When children choose block play, they are not only building their creative imagination, they are using self-expression, mathematics, science, small and large muscles, and problem-solving skills. Block play promotes the development of spatial awareness and develops hand-eye coordination as children reach for, lift, move and build with blocks, strengthening their fingers, hands and arms.
A block interest center includes enough accessible floor space, unit blocks, and accessories from three categories, (small people, vehicles and animals) for three children to build sizeable, independent structures at the same time. Blocks and accessories are organized and stored on open labeled shelves with pictures or an outline of the blocks. A flat rug or other steady surface out of traffic areas are ideal platforms for block play.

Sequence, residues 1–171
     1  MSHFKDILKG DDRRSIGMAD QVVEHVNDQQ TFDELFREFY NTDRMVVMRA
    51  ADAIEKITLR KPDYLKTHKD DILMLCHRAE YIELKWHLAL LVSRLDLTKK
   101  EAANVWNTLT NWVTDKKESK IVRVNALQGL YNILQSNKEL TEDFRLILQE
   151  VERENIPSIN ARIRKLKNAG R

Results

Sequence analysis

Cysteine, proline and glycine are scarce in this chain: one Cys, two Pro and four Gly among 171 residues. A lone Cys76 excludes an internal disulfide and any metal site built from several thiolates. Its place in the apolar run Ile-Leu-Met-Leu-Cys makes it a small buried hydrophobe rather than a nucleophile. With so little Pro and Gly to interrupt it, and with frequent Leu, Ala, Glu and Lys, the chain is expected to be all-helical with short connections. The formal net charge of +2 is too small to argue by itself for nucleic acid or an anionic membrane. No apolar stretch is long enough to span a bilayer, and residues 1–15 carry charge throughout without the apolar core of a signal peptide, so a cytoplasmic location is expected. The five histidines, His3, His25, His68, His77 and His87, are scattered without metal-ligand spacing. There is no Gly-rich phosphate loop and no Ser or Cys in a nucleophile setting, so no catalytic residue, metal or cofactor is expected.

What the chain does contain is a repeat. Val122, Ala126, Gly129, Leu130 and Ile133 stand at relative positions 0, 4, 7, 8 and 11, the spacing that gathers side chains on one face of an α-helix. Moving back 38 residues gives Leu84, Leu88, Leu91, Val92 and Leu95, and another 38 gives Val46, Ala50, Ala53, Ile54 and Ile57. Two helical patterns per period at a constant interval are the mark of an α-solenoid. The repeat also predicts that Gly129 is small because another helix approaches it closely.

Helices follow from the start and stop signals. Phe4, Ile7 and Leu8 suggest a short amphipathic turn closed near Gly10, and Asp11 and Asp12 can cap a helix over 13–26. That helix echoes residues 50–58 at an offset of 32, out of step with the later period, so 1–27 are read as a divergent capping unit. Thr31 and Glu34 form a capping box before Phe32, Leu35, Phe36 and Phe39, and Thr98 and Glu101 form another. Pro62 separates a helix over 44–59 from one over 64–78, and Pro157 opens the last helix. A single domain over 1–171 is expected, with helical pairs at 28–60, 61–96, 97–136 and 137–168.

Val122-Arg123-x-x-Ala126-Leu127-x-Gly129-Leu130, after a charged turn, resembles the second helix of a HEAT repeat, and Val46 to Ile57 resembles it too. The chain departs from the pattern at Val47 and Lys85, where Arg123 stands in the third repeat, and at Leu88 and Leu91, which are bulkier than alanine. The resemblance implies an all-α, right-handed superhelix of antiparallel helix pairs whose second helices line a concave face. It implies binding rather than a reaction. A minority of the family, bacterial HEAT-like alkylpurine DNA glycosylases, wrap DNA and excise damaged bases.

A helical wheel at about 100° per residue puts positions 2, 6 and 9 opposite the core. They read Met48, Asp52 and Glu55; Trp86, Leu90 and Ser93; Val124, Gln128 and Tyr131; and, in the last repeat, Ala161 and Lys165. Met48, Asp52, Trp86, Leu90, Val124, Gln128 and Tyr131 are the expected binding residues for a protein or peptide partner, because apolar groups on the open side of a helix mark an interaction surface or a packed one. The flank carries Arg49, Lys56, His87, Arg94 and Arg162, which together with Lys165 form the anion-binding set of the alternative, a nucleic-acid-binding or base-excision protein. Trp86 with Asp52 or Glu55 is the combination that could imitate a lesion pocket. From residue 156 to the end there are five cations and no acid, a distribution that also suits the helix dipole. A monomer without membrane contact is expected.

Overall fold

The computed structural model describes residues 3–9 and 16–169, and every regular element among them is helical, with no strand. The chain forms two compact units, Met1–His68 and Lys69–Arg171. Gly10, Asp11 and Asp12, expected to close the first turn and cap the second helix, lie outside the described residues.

To support children in their choice to interact with blocks ask yourself, “Are the children enjoying what they are doing?” “Are they following their own ideas?” “Are they challenging themselves through trial and error?” “Are they taking turns, sharing and building relationships with their peers?”
Conversations are important when teachers support block play. Teachers engage children by asking questions about what children are building, favorite shapes, sizes, and colors. These questions lead to a variety of topics, children are becoming critical thinkers, and developing vocabulary and language skills.
When teachers support block play, they point out math concepts such as more and less and short and tall. Children are also challenged to count and measure blocks. Teachers may also link written language to children’s block play by taking pictures and writing captions about what children said about their structures. Through block play there are a wealth of opportunities to explore.
Check out this video about why STEM education needs to have a strong block play component: